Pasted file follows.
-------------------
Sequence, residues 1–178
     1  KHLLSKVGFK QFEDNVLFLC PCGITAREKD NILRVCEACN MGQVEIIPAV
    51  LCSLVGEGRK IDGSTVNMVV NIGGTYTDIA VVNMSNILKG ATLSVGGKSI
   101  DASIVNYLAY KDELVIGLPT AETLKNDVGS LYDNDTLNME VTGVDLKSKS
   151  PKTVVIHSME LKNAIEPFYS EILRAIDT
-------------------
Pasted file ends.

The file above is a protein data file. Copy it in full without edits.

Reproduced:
Sequence, residues 1–178
     1  KHLLSKVGFK QFEDNVLFLC PCGITAREKD NILRVCEACN MGQVEIIPAV
    51  LCSLVGEGRK IDGSTVNMVV NIGGTYTDIA VVNMSNILKG ATLSVGGKSI
   101  DASIVNYLAY KDELVIGLPT AETLKNDVGS LYDNDTLNME VTGVDLKSKS
   151  PKTVVIHSME LKNAIEPFYS EILRAIDT